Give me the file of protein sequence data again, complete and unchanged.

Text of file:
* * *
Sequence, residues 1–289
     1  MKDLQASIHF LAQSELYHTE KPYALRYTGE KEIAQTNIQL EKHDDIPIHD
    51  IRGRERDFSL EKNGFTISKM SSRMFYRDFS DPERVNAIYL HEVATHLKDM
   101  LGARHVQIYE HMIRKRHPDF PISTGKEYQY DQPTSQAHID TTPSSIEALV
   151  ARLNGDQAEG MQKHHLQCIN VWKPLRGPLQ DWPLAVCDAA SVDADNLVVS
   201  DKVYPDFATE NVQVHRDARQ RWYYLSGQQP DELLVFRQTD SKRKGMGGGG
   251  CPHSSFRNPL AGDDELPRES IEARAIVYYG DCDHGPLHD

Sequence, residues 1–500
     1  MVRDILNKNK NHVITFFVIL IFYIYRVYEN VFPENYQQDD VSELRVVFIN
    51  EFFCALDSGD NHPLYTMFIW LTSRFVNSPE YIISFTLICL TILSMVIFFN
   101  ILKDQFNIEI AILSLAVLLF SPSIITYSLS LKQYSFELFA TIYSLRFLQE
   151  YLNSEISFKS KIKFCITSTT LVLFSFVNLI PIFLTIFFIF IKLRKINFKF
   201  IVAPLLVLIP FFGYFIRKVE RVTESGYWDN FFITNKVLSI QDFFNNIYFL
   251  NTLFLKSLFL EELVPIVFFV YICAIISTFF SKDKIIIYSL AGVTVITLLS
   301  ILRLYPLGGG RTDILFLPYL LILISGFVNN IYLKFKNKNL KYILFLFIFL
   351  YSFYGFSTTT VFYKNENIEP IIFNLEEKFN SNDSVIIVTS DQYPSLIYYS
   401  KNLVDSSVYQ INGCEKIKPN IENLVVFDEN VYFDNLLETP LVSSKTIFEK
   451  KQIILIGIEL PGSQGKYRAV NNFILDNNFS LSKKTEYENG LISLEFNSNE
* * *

Sequence, residues 1–289
     1  MKDLQASIHF LAQSELYHTE KPYALRYTGE KEIAQTNIQL EKHDDIPIHD
    51  IRGRERDFSL EKNGFTISKM SSRMFYRDFS DPERVNAIYL HEVATHLKDM
   101  LGARHVQIYE HMIRKRHPDF PISTGKEYQY DQPTSQAHID TTPSSIEALV
   151  ARLNGDQAEG MQKHHLQCIN VWKPLRGPLQ DWPLAVCDAA SVDADNLVVS
   201  DKVYPDFATE NVQVHRDARQ RWYYLSGQQP DELLVFRQTD SKRKGMGGGG
   251  CPHSSFRNPL AGDDELPRES IEARAIVYYG DCDHGPLHD

Sequence, residues 1–500
     1  MVRDILNKNK NHVITFFVIL IFYIYRVYEN VFPENYQQDD VSELRVVFIN
    51  EFFCALDSGD NHPLYTMFIW LTSRFVNSPE YIISFTLICL TILSMVIFFN
   101  ILKDQFNIEI AILSLAVLLF SPSIITYSLS LKQYSFELFA TIYSLRFLQE
   151  YLNSEISFKS KIKFCITSTT LVLFSFVNLI PIFLTIFFIF IKLRKINFKF
   201  IVAPLLVLIP FFGYFIRKVE RVTESGYWDN FFITNKVLSI QDFFNNIYFL
   251  NTLFLKSLFL EELVPIVFFV YICAIISTFF SKDKIIIYSL AGVTVITLLS
   301  ILRLYPLGGG RTDILFLPYL LILISGFVNN IYLKFKNKNL KYILFLFIFL
   351  YSFYGFSTTT VFYKNENIEP IIFNLEEKFN SNDSVIIVTS DQYPSLIYYS
   401  KNLVDSSVYQ INGCEKIKPN IENLVVFDEN VYFDNLLETP LVSSKTIFEK
   451  KQIILIGIEL PGSQGKYRAV NNFILDNNFS LSKKTEYENG LISLEFNSNE